Ayla Hutchinson, a teenager from New Zealand, decided to create a safety device after she saw her mother injure her finger while chopping wood for kindling. Her invention is called the Kindling Cracker. Wood is inserted into the cast iron device, then it is hit with a rubber mallet or another piece of wood, and this causes the wood to split. Much safer, indeed.
Anna Connelly patented an early fire escape in 1887 – essentially a bridge that would connect two buildings at the roof line. Since then, fire escapes have become a mandatory part of building safety codes throughout the United States.
Although it wasn't called Monopoly at the time, Elizabeth Magie put together the principles for the board game in 1903 in something called The Landlord's Game. She hoped that her game would teach people about the evils of capitalism.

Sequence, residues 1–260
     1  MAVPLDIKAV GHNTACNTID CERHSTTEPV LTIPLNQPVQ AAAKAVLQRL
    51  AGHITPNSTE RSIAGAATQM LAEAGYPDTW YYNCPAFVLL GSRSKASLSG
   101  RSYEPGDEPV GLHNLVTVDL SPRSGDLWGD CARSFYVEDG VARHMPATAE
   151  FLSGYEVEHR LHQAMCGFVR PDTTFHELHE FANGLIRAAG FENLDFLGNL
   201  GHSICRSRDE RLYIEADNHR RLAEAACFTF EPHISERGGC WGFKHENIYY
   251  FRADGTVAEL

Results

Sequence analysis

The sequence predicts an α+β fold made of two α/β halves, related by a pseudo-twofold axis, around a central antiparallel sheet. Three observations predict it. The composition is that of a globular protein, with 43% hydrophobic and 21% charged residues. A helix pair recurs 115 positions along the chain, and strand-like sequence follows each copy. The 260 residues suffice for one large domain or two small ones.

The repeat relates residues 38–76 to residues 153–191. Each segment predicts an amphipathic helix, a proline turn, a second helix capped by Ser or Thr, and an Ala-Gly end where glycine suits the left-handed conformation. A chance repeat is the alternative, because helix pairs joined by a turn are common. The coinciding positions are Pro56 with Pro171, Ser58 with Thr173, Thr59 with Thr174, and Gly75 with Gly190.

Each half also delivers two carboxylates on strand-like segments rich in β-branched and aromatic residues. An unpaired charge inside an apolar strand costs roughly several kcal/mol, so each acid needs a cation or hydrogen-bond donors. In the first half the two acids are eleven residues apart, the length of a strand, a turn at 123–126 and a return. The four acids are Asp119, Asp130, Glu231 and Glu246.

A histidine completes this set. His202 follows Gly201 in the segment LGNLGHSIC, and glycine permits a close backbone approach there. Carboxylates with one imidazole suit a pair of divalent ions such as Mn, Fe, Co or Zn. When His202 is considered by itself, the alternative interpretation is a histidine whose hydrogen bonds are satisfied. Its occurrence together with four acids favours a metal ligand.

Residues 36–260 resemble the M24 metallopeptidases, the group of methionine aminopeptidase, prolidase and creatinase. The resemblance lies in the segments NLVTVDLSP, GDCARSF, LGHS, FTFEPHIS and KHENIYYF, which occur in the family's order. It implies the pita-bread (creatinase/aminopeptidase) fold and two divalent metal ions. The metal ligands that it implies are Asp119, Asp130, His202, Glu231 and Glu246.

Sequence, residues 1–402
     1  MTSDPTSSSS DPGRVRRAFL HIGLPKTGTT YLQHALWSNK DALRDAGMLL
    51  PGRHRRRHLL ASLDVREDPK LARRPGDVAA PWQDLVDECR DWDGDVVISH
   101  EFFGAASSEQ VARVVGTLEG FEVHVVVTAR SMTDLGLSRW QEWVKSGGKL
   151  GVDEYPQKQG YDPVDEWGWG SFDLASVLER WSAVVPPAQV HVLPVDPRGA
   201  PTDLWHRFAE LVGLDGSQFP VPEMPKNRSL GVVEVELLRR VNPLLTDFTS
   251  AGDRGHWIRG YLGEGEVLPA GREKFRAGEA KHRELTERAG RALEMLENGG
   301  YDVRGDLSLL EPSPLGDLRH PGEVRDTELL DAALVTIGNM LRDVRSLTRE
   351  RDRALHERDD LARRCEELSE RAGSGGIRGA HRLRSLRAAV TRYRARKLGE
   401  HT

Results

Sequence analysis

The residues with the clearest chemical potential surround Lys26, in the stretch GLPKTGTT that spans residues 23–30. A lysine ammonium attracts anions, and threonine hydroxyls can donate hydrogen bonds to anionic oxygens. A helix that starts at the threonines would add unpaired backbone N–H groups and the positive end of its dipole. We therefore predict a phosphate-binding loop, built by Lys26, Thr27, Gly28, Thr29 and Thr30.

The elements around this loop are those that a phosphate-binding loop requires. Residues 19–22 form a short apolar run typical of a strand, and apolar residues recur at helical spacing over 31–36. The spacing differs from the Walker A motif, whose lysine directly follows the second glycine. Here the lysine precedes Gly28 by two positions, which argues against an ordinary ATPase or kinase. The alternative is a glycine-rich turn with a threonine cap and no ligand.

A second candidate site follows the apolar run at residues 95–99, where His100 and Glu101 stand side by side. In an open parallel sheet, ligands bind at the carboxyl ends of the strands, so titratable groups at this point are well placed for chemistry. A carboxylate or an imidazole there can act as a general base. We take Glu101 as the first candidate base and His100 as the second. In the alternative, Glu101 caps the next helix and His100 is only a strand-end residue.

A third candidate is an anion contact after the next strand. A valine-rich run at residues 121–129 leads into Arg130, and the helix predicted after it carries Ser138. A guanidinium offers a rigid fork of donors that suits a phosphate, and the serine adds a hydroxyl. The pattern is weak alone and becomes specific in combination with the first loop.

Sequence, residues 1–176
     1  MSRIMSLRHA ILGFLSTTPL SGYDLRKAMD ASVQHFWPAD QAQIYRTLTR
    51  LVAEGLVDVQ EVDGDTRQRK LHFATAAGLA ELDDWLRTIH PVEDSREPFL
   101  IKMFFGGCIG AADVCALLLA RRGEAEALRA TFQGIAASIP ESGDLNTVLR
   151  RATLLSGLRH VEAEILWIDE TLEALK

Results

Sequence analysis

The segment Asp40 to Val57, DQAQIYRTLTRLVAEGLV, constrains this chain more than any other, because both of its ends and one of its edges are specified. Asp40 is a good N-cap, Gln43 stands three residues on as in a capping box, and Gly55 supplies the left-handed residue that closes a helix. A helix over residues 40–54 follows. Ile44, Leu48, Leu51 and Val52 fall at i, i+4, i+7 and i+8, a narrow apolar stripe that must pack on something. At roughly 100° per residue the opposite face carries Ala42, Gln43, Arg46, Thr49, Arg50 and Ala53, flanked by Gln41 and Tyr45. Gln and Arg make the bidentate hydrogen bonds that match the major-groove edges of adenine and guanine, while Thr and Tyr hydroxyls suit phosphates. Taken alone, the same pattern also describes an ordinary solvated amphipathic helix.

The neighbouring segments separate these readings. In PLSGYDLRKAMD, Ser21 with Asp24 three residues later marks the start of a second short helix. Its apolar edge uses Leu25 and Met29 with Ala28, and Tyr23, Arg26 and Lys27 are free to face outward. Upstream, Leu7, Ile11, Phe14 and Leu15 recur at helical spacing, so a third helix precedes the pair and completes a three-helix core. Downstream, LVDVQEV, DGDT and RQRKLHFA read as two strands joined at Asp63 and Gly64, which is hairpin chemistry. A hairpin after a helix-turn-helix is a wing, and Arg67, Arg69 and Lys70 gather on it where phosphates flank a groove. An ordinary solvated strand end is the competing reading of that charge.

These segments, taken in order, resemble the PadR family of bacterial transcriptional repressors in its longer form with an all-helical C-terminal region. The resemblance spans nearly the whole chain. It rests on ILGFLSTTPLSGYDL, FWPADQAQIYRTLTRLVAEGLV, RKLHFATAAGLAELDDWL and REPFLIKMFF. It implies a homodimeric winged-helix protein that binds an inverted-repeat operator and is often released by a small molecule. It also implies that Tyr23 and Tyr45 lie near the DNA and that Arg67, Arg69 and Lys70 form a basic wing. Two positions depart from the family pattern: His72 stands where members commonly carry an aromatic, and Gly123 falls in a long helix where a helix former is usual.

Ann Tsukamoto was awarded a patent in 1991 for work in the field of human stem cell research. Her work means that we have a better understanding of how blood systems in cancer patients work and one day could lead to a cure.
Artist Patricia Billings wanted a way to strengthen her sculptures. In coming up with Geobond®, she developed a plaster that was not only indestructible, but fire resistant as well.
Although electronic typewriters were faster than their manual counterparts, one mistake and everything had to be retyped. Bette Nesmith Graham overcame this problem by using white water-based tempera paint. She originally called it Mistake Out and soon began to market it to other secretaries. The rest, as they say, is history! By the way, she is also the mother of musician and Monkee Michael Nesmith.
Despite her autism, Dr. Temple Grandin is a prolific inventor. Not only did she devise the center-track cattle restraint system but she also invented livestock handling pens that prevent cattle from getting hurt.
Not only did Ruth Handler come up with the most loved doll in the world, Barbie, but she also co-founded the famous toy company, Mattel. Barbie and Ken were named after Handler's daughter and son.